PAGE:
*Incorporated in December 1998 and granted 501(c)(3) nonprofit organization status in April of 1999, the Alliance to Conserve Old Richmond Neighborhoods **(A.C.O.R.N.)** exists to serve the City of Richmond through the revitalization of its oldest neighborhoods. *
A.C.O.R.N. achieves its goal of service by promoting the purchase and renovation of vacant and abandoned properties and advocates for the preservation of the cultural and historic assets that give these old neighborhoods their unique character. To this end, A.C.O.R.N. serves as an educational entity as well as a clearinghouse for information on how to acquire, finance, and renovate a property. While primarily focused on neglected structures, A.C.O.R.N. also encourages new commercial and residential development consistent with the surrounding historic ambience. By working with other organizations, engaging public support, and leveraging assets, A.C.O.R.N. facilitates the preservation of more buildings and neighborhoods than its own resources might allow. Increasing home ownership while returning neglected or abandoned structures to productive use and occupancy, A.C.O.R.N. works to restore vitality to urban areas and, thereby, improve the quality of life for all.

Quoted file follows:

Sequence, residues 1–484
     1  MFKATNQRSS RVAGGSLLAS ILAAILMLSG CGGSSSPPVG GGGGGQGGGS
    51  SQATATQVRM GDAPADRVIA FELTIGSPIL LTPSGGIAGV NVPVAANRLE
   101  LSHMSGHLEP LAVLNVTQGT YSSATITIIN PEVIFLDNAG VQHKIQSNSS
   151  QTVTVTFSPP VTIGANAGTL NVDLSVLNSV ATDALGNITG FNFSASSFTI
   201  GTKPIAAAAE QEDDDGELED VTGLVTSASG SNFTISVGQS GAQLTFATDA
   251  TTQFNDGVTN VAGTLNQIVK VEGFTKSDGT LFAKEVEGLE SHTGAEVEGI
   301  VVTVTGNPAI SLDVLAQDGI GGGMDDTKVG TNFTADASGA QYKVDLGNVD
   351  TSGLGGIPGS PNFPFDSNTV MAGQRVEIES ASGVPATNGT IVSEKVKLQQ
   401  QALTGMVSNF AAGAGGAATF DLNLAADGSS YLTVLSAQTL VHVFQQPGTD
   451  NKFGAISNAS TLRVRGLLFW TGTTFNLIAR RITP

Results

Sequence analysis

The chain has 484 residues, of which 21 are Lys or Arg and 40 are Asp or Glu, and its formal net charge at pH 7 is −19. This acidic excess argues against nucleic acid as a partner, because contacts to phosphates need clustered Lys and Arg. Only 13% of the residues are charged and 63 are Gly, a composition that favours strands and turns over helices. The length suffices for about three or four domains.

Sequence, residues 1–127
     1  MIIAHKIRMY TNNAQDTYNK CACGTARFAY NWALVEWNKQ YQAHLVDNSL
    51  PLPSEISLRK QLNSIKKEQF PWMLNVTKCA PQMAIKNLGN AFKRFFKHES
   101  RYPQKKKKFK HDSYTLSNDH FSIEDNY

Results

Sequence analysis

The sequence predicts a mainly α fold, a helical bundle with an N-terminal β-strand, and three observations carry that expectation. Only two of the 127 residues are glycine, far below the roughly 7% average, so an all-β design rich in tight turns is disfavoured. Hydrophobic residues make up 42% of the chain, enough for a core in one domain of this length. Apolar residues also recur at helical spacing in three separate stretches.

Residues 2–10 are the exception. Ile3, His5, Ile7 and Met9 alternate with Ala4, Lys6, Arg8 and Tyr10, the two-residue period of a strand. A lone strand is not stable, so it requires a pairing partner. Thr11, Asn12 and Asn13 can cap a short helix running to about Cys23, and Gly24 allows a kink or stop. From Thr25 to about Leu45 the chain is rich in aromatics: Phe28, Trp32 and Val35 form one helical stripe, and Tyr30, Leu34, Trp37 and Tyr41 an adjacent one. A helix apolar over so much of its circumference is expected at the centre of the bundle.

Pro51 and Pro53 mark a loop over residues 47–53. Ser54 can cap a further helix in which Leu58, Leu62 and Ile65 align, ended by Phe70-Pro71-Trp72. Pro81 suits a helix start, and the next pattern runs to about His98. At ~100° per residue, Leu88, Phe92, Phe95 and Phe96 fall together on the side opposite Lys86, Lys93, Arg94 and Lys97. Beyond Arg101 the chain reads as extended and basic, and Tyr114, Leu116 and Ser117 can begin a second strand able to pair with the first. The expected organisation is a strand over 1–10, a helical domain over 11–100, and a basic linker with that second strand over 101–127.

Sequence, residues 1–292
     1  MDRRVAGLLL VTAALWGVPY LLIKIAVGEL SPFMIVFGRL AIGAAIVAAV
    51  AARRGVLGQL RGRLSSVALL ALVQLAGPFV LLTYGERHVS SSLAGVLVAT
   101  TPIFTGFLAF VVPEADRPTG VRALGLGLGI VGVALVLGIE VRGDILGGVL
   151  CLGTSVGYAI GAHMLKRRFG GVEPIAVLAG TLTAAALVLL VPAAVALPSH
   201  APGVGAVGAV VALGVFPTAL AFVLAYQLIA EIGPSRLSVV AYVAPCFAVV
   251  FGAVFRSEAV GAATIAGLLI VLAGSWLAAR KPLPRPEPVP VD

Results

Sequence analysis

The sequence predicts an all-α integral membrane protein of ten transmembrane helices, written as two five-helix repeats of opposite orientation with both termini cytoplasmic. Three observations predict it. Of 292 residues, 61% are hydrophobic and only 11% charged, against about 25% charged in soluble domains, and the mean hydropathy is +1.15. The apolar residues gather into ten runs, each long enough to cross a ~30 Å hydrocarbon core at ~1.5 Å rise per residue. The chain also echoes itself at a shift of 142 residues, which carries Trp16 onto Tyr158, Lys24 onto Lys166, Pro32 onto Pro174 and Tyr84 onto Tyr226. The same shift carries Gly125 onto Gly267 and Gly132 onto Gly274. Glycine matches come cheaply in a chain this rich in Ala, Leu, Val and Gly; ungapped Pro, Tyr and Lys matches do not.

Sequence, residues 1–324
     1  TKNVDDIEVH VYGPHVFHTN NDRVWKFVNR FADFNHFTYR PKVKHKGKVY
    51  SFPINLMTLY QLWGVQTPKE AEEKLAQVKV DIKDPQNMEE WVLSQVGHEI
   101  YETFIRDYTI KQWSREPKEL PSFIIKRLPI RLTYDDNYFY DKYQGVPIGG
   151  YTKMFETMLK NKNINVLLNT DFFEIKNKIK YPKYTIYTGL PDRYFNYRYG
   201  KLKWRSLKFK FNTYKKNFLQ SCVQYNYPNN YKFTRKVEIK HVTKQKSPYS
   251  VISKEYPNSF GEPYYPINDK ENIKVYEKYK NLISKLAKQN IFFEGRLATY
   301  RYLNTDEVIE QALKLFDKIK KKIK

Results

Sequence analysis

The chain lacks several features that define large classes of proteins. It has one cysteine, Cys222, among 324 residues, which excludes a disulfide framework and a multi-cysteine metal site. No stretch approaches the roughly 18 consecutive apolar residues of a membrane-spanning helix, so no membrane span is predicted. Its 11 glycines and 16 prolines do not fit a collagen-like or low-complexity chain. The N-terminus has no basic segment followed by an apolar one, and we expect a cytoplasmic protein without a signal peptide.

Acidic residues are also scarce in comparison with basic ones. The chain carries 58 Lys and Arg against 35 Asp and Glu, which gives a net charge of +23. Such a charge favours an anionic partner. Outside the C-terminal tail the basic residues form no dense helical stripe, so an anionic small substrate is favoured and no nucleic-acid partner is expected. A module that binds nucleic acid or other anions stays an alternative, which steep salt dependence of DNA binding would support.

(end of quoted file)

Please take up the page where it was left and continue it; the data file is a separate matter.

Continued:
In addition to its core mission, A.C.O.R.N. educates the public about the history of the city’s oldest neighborhoods. Residents learn the history of their own homes, the people who lived in them, and the surrounding communities. A special initiative—/Richmond Roots: African-American Architecture/—examines the city’s African-American history through the lens of the built environment and provides a more complete documentation of the city’s African-American architecture than currently exists. Buildings constructed by and/or for blacks are tangible representatives of the African-American experience. In Richmond, the former capital of the Confederacy and a leading center for the slave trade in the years leading up to the Civil War, the story of how African-Americans lived, worked, and are remembered is of particular importance. Yet this story has never been comprehensively examined and made known. A.C.O.R.N. worked to illuminate the subject by documenting buildings, landscapes, and historic assets associated with African-Americans through research, which resulted in a book (_Built By Blacks_, published 2007), lectures, tours, media presentations, a national register of historic places nomination, highway markers, and an archaeological dig.